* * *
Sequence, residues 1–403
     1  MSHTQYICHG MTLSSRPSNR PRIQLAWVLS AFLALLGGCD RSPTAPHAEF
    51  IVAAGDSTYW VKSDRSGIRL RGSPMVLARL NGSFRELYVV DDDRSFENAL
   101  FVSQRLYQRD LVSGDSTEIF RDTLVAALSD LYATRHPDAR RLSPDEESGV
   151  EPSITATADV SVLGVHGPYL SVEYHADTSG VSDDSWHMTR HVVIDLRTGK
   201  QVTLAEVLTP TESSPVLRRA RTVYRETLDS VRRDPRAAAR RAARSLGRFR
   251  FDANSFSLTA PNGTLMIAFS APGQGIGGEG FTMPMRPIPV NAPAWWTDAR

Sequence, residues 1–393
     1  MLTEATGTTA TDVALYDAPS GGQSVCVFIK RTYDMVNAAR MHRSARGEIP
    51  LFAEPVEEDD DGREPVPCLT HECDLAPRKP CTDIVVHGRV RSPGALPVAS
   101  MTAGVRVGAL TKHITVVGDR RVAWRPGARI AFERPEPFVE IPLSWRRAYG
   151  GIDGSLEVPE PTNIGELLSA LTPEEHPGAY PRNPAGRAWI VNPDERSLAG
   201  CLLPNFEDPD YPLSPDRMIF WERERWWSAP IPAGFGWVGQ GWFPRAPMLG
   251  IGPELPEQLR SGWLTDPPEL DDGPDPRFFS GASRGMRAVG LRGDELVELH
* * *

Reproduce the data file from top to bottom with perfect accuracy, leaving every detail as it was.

Sequence, residues 1–403
     1  MSHTQYICHG MTLSSRPSNR PRIQLAWVLS AFLALLGGCD RSPTAPHAEF
    51  IVAAGDSTYW VKSDRSGIRL RGSPMVLARL NGSFRELYVV DDDRSFENAL
   101  FVSQRLYQRD LVSGDSTEIF RDTLVAALSD LYATRHPDAR RLSPDEESGV
   151  EPSITATADV SVLGVHGPYL SVEYHADTSG VSDDSWHMTR HVVIDLRTGK
   201  QVTLAEVLTP TESSPVLRRA RTVYRETLDS VRRDPRAAAR RAARSLGRFR
   251  FDANSFSLTA PNGTLMIAFS APGQGIGGEG FTMPMRPIPV NAPAWWTDAR

Sequence, residues 1–393
     1  MLTEATGTTA TDVALYDAPS GGQSVCVFIK RTYDMVNAAR MHRSARGEIP
    51  LFAEPVEEDD DGREPVPCLT HECDLAPRKP CTDIVVHGRV RSPGALPVAS
   101  MTAGVRVGAL TKHITVVGDR RVAWRPGARI AFERPEPFVE IPLSWRRAYG
   151  GIDGSLEVPE PTNIGELLSA LTPEEHPGAY PRNPAGRAWI VNPDERSLAG
   201  CLLPNFEDPD YPLSPDRMIF WERERWWSAP IPAGFGWVGQ GWFPRAPMLG
   251  IGPELPEQLR SGWLTDPPEL DDGPDPRFFS GASRGMRAVG LRGDELVELH